The Independent reported Wednesday that the DOJ is ready to ask the grand jury to indict Trump on both obstruction and Espionage Act charges.
Speaking to MSNBC's Nicolle Wallace on Wednesday afternoon about Meadows' testimony to the Trump grand jury was Timothy Heaphy, former lead investigator for the House Select Committee probing the Jan. 6 attack on Congress. He opened by explaining that he thinks his talking was related to Special Counsel Jack Smith's investigation into Trump's alleged attempts to overturn the 2020 election result.
"He's at the center of everything," Heaphy said. "He's at the president's right hand throughout all of the movements. All of the multipronged pieces of the plot that the select committee articulated, Mark Meadows was right there. He was right there on Jan. 6. He was right there in efforts to potentially change personnel at [the Department of] Justice.
"As you just indicated, he went to Georgia before the certification and after the election. He's involved with contacting Congress. He's such a vital player in all of this. And if he's cooperating, it's hard to say what he said in the grand jury, but if he's truthfully cooperating, it's a pretty significant step for the special counsel."
He went on to say that it's common that, in a conspiracy investigation, someone would ultimately agree to cooperate. Some suggested that was happening after Meadows' lawyer sent out an "ominous" statement.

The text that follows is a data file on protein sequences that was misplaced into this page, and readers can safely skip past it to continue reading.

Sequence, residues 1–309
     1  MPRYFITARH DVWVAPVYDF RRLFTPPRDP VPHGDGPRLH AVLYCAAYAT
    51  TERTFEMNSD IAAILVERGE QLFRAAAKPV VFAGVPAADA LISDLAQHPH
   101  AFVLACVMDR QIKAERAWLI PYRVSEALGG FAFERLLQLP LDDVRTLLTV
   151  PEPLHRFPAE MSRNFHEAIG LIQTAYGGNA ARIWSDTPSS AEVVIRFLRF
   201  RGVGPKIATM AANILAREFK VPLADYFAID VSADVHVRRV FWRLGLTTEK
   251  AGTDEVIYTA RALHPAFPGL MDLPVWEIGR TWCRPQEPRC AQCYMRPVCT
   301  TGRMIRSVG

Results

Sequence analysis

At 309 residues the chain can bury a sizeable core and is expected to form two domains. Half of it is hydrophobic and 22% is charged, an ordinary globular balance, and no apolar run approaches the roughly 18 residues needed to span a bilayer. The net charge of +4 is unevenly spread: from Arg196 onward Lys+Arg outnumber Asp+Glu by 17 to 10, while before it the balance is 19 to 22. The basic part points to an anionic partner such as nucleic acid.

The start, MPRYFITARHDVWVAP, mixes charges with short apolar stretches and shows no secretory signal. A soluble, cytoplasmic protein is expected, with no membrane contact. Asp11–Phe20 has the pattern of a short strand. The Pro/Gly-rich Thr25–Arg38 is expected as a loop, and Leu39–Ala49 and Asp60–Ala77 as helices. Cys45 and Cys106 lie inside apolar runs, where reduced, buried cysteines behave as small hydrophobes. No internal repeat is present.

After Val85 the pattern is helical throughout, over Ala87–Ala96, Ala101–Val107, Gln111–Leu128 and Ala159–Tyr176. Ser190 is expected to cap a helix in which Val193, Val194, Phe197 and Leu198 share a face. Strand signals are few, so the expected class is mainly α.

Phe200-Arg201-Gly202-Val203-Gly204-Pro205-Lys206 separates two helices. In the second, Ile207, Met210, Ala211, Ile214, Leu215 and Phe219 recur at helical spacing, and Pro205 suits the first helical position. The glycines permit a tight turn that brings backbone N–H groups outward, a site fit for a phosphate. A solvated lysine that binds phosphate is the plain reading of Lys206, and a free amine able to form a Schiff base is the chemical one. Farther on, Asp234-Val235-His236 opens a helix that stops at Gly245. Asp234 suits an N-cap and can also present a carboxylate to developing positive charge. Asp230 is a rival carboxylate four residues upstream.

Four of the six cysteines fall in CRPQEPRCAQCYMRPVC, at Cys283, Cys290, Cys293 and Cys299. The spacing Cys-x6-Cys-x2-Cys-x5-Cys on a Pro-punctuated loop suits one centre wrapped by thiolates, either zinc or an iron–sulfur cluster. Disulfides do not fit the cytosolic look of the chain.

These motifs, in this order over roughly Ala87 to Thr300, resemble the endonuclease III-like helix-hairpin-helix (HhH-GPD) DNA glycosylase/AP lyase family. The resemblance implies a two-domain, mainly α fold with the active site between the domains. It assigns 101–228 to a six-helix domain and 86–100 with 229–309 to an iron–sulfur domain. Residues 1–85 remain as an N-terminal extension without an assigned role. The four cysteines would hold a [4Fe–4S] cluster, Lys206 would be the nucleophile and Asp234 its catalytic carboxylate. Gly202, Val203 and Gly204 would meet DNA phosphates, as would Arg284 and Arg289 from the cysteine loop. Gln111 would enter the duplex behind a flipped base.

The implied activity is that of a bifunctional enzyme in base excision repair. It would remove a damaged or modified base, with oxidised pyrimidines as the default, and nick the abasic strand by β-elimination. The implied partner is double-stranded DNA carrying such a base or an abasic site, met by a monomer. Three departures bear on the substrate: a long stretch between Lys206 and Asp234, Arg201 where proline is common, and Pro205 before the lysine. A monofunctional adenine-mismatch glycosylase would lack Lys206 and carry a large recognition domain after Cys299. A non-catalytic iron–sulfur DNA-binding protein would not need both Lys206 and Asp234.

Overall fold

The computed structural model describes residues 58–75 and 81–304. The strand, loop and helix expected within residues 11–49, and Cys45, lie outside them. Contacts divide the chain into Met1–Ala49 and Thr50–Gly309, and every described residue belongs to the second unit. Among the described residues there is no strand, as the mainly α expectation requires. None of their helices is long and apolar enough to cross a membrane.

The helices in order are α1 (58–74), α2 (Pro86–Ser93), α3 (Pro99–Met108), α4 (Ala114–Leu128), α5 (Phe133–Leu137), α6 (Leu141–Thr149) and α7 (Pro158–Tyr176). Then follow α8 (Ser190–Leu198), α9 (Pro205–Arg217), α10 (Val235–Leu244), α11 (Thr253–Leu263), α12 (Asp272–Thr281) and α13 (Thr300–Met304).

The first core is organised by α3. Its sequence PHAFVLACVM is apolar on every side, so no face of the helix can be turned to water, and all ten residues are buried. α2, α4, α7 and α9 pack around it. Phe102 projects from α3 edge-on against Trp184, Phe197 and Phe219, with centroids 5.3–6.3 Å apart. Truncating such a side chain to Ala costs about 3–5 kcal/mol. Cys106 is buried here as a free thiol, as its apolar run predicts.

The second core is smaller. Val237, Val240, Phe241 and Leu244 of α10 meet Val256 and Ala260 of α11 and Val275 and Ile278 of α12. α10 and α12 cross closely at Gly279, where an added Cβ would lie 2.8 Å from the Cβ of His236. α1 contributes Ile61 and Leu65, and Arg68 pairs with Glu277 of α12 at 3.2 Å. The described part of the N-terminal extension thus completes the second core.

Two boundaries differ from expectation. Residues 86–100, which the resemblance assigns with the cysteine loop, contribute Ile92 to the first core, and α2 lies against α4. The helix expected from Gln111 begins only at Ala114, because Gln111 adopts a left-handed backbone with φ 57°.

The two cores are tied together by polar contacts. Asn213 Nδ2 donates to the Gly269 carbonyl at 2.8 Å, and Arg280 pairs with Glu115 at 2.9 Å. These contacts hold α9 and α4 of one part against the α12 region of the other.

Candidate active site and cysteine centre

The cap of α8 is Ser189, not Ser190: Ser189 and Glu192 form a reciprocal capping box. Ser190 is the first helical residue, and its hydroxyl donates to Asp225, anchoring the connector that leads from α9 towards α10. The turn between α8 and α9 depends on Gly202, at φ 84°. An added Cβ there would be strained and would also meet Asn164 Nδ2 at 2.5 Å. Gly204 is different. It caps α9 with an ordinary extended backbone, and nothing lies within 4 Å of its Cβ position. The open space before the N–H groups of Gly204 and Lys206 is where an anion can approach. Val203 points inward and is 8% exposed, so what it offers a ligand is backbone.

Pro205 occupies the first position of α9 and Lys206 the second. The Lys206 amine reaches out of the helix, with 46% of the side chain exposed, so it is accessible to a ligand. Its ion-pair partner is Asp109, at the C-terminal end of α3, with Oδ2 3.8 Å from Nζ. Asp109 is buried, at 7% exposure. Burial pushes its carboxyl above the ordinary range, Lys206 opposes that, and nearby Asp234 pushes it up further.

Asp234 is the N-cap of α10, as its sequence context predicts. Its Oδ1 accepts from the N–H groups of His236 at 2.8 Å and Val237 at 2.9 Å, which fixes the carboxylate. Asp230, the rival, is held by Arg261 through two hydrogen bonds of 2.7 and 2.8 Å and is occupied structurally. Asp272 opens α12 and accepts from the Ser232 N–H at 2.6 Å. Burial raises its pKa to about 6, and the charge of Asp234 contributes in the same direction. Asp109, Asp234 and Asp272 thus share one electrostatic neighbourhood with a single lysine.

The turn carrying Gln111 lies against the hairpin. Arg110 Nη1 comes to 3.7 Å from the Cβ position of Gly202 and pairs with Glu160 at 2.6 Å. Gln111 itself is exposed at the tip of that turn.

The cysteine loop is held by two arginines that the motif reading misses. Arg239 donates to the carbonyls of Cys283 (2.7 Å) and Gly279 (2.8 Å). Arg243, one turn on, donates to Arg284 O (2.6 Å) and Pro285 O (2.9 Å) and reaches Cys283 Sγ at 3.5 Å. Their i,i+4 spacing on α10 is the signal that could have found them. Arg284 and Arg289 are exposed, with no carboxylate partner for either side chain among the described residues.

"The special counsel is looking at concerted action to disrupt the joint session" of Congress," continued Heaphy.
"Some co-conspirators who have exposure have a strong incentive to cooperate with the government and reduce that exposure. So, I don't know if there's been some sort of deal made between Meadows through counsel and Jack Smith and his team, essentially not being charged, or charged without a specific sentencing request, in exchange for cooperation. That may be what's going on here. it may be that he's testifying in the hope that he isn't somehow implicated or indicted.
"My guess is there are extensive discussions between Meadows' counsel and the special counsel, sort of articulating the terms of his testimony, the expectations on both sides, before he would engage in testimony."
He explained that Meadows has exposure from his actions before, on and after Jan. 6, which he said "give rise to participation in a conspiracy."
As well as the attempts to overturn the election case, Smith is also investigating allegations that Trump kept classified documents in his Mar-a-Lago home.
Former U.S. Attorney Barb McQuade anticipated Tuesday evening that the Jan. 6 charges could be "just as imminent" as the documents case.
See the conversation below or at the link here.
Mark Meadows plea agreementyoutu.be